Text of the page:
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Gene Cernan January 16th2017

Former astronaut Gene Cernan has died at the age of 82 following a long illness.

Gene Cernan was the commander of the Apollo 17 moon mission and the last man to walk on the moon - the first man on the moon, Neil Armstrong, died in 2012.

Even at the age of 82, Gene was a passionate advocate of the continued human exploration of space and will be remembered for setting records that still stand for longest manned lunar landing flight, longest lunar surface extravehicular activities, largest lunar sample return, and longest time in lunar orbit.

KIC 983227 in Cygnus January 2017

Astronomer professor Larry Molnar is predicting that a binary star (two stars orbiting each other) he is monitoring will merge and explode in 2022, give or take a year; at which time the star will increase its brightness ten thousand fold, becoming one of the brighter stars in the heavens for a time. The star (KIC 9832227) will be visible as part of the constellation Cygnus, and will add a star to the recognizable Northern Cross star pattern.

Schiaparelli lander crash November 2016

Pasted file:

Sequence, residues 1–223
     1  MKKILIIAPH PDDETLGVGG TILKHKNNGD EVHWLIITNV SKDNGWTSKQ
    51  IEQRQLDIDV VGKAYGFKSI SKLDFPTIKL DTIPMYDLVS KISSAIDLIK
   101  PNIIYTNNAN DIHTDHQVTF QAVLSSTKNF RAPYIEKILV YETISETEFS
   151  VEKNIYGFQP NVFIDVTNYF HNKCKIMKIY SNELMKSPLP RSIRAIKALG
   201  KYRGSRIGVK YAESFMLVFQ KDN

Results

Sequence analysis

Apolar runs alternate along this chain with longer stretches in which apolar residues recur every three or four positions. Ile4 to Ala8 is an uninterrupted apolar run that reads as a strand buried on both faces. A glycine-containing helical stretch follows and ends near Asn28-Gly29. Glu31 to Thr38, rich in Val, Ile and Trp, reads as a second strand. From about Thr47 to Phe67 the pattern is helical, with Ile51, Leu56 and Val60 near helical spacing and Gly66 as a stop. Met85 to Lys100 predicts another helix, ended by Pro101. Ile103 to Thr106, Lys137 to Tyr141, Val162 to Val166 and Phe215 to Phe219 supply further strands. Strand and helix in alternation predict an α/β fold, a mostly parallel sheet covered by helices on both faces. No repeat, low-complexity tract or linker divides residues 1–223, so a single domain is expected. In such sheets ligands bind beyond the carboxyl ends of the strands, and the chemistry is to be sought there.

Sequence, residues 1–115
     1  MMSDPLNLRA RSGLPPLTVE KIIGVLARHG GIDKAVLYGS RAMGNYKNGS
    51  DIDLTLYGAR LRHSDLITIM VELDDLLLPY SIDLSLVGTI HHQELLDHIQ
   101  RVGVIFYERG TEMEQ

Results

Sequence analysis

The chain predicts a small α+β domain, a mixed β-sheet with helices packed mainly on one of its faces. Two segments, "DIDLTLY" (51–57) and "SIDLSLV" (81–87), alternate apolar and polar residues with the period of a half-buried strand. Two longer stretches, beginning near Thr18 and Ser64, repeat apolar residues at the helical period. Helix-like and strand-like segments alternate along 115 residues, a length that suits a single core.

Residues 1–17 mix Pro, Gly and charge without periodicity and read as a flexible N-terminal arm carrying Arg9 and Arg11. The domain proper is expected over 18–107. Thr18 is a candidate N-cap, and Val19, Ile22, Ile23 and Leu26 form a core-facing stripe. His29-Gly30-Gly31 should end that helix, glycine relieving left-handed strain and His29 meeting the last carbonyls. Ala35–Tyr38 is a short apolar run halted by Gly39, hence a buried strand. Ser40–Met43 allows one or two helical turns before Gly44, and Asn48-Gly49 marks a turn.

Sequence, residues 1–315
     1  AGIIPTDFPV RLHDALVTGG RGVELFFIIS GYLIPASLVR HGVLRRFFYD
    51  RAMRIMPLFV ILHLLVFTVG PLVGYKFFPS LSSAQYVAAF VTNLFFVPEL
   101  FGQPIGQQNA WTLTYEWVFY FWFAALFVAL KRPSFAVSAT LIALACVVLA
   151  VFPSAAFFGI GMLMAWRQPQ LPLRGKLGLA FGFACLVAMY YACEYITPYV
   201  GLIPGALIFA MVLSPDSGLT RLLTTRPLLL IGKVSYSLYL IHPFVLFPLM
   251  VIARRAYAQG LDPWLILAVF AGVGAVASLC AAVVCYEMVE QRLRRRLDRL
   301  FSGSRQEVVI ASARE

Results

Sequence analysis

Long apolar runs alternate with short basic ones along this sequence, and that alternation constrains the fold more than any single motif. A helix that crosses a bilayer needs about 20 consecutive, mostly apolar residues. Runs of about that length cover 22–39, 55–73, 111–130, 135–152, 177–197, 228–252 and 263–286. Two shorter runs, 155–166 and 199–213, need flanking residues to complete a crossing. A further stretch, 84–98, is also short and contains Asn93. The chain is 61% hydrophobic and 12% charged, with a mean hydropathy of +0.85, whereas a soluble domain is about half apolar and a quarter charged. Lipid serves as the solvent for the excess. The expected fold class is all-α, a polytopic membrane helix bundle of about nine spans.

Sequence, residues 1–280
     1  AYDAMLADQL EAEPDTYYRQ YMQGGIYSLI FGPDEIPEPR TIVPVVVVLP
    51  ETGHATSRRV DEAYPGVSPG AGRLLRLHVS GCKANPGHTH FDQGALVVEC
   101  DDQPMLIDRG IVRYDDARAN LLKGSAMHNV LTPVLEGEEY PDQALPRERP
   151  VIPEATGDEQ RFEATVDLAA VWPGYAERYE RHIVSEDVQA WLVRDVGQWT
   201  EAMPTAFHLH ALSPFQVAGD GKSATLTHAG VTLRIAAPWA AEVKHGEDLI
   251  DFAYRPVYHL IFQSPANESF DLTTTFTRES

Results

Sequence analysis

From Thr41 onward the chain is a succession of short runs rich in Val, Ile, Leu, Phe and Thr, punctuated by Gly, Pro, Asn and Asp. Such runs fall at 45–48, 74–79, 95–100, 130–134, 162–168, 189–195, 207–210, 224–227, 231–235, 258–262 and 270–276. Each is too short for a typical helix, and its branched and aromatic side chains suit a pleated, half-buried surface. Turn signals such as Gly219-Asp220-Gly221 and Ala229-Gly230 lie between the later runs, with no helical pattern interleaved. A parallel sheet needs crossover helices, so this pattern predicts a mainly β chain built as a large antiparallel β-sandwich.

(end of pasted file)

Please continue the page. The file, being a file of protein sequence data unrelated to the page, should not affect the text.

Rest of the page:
Preliminary information on the crash of the Schiaparelli lander on Mars in October indicated that erroneous sensor information generated an estimated altitude that was negative – that is, below ground level. This in turn successively triggered a premature release of the parachute and the backshell, a brief firing of the braking thrusters and finally activation of the on-ground systems as if Schiaparelli had already landed. In reality, the vehicle was still at an altitude of around 3.7 km.

New images taken by NASA’s Mars Reconnaissance Orbiter show parts of the ExoMars Schiaparelli module and its landing site on the Red Planet.

Europa September 2016

Astronomers using NASA's Hubble Space Telescope have imaged what may be water vapor plumes erupting off the surface of Jupiter's moon Europa. This finding bolsters other Hubble observations suggesting the icy moon erupts with high altitude water vapor plumes. The observation increases the possibility that missions to Europa may be able to sample Europa’s ocean without having to drill through miles of ice. Europa’s ocean is considered to be one of the most promising places that could potentially harbor life in the solar system. These plumes, if they do indeed exist, may provide another way to sample Europa’s subsurface. The plumes are estimated to rise about 125 miles (200 kilometers) before, presumably, raining material back down onto Europa's surface. Europa has a huge global ocean containing twice as much water as Earth’s oceans, but it is protected by a layer of extremely cold and hard ice of unknown thickness. The plumes provide a tantalizing opportunity to gather samples originating from under the surface without having to land or drill through the ice.